A Changing Demographic Mix

By 2030, the UK will have the fastest growing and second largest population in Europe: South East England will be the main centre of this growth. Society will be ageing faster, and proportionally we will have fewer children. It will also be more diverse.

By 2030, the UK will have the fastest growing and second largest population in Europe. This growth will vary across geographies. England’s population is projected to grow by 5.0%, with much of this focused in the South East. In contrast, for Northern Ireland the figure is 3.7%; while for Wales and Scotland the figures are 2.7% and1.8% respectively. Overall, we will be ageing faster and, most likely, we will have fewer children. The proportion of the population aged 75 and over will grow by 2m to 11m. With varied birth rates and the shift in sources of immigration, the country as a whole will also be more diverse, with multiple cultures, religions and languages.

Although, post-Brexit, net migration may fall a little as it shifts to countries beyond Europe, we can still expect a further 2 million citizens from international migration. At the same time, there will be an increase of around one million from people living longer. When combined, this means we will experience “more births than deaths”. The non- white population, which will largely be a younger demographic, is expected to be greater than 20% of the total population for the first time, the majority of whom will continue to live in many of the larger cities. Smaller towns and rural locations are correspondingly expected to be home for an ageing, predominately white population. That said, despite the impact of Covid-19, the attraction of urban life remains. By 2030, over 85% of the UK population will live in urban areas; one of the highest rates in Europe.

At the same time, the make-up of the Armed Forces is changing. In part, this is because of the changing nature of conflict, and therefore the skills requirement for new recruits is changing. But it also reflects the increasing diversity of the UK population. “The veteran community will become younger, relatively more female, and diverse.” Indeed, the young cohort from which the Army recruits will become more ethnically diverse than the population as a whole. Black and minority ethnic troops make up 8.8% of the 145,000-strong Armed Forces, which is broadly in line with the population, (albeit that number includes 3,760 Gurkhas, around 1,300 Fijians, and other non-white troops recruited from the Commonwealth). And yet many soldiers are still recruited from low-income families in largely white working-class towns where social attitudes remain conservative. As a result, some are already finding this cultural change difficult, “It’s hard to talk about white privilege when you are dealing with a bunch of blokes from the north.” Perceptions of equality have to be carefully managed, as officers might sometimes be seen to promote women and ethnic minorities over “traditional soldiers”.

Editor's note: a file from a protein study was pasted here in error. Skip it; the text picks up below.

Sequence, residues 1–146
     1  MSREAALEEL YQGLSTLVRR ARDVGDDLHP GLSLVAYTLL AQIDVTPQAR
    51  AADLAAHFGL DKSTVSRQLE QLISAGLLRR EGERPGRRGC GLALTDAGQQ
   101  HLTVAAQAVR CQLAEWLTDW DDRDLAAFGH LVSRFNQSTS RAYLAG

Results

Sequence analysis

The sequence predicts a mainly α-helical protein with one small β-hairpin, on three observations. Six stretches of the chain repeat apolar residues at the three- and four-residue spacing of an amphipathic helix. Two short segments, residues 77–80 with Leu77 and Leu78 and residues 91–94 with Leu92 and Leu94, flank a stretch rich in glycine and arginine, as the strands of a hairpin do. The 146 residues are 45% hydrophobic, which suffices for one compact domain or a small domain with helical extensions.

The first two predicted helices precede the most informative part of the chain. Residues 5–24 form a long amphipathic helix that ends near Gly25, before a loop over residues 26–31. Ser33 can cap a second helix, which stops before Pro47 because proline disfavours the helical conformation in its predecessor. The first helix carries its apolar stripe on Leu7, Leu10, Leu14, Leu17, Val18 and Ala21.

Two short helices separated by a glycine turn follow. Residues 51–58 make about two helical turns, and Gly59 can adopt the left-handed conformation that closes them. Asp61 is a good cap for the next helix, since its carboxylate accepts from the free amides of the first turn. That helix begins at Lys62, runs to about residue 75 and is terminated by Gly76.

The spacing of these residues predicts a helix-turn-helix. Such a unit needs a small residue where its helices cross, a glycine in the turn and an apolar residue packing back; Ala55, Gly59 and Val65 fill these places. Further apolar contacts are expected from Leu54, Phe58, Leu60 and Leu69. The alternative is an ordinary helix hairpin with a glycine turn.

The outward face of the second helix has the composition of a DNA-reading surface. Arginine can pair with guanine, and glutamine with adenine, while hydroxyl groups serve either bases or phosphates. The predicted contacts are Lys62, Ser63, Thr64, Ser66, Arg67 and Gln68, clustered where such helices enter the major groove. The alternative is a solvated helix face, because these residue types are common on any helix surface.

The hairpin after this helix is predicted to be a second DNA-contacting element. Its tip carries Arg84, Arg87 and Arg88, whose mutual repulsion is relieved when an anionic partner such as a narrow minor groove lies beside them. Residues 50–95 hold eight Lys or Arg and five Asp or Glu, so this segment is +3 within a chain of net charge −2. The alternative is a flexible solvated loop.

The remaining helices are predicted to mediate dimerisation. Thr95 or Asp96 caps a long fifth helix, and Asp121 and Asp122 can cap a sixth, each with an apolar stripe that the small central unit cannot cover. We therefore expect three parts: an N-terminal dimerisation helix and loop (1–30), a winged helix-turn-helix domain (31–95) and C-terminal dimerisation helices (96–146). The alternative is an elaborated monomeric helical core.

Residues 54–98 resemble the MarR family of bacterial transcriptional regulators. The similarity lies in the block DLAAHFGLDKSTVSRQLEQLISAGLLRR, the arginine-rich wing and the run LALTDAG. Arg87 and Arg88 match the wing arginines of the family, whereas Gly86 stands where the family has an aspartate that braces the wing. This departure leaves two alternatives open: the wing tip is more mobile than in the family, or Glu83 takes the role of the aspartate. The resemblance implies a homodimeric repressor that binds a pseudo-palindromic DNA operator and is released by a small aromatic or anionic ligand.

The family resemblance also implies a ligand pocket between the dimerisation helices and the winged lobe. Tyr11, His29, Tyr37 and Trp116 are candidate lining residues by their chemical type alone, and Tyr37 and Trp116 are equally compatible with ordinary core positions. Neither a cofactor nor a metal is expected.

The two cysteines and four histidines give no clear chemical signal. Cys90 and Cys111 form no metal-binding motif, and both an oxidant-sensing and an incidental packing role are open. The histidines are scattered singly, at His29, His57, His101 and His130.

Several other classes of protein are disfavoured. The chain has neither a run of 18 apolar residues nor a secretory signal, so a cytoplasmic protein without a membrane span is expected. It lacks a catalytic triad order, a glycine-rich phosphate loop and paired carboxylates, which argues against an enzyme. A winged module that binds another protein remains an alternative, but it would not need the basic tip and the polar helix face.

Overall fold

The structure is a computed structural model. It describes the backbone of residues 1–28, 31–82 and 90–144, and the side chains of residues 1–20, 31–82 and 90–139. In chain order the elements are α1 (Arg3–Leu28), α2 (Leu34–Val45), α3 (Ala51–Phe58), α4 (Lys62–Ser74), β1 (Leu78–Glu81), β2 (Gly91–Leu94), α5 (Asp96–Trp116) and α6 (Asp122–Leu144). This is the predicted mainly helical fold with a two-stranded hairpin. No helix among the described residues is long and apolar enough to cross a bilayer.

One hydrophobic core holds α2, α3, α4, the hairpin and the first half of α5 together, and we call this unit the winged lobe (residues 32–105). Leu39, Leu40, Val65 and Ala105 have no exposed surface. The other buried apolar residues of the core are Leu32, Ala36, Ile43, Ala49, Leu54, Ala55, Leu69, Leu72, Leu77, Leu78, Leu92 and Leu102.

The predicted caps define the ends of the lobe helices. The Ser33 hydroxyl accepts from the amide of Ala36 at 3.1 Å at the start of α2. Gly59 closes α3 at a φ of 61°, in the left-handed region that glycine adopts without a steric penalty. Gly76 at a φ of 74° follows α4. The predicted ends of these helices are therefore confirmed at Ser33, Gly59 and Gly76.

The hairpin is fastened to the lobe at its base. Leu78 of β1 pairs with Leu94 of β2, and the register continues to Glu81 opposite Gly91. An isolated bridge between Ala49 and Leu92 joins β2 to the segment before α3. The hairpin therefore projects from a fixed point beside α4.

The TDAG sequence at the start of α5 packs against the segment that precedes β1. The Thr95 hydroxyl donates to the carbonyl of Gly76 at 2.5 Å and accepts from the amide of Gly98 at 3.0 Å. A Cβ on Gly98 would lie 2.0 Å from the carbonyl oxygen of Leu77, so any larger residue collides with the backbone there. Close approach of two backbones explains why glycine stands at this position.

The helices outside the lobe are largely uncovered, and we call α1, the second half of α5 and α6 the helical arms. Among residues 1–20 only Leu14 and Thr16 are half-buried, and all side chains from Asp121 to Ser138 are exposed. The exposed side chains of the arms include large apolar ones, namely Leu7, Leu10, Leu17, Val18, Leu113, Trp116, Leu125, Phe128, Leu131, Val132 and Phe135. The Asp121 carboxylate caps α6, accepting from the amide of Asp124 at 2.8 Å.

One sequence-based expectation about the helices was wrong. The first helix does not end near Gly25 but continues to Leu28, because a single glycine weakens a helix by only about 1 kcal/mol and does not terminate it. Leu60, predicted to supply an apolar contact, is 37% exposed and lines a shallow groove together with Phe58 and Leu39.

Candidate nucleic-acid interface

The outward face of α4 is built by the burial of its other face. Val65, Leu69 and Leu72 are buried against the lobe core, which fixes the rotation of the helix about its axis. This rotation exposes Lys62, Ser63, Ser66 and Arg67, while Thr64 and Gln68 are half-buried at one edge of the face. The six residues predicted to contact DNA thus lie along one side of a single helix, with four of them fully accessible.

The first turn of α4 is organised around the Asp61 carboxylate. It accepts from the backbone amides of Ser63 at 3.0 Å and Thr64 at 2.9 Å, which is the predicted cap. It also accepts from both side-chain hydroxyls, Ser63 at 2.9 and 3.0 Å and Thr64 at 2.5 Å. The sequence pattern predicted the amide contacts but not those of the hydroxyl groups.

In addition to increased diversity within the Armed Forces, fewer see the military as a long-term career, which may affect their expectations when they leave. “I think very few people join for a career today, they join for a job – and this is going to be more common, so expect the terms of Service to change.”

Looking ahead, it is likely that the total number of veterans will shrink, not least because of the passing of those who went through National Service. At the same time, the complexity of their needs may well change. Some suggest this should be reflected in the way ex-Service men and women are defined, “There is something in the term veteran. It immediately signals an old white bloke.” This perception may well change over the next decade. In summary, the diversity of those leaving the Armed Forces and the complexity of their need profile will increase.

Example Implication: As the demographic of the veteran community changes, so too do their needs and expectations. Supporting organisations must be more agile, and adjust their capabilities, resources and leadership to better reflect this.


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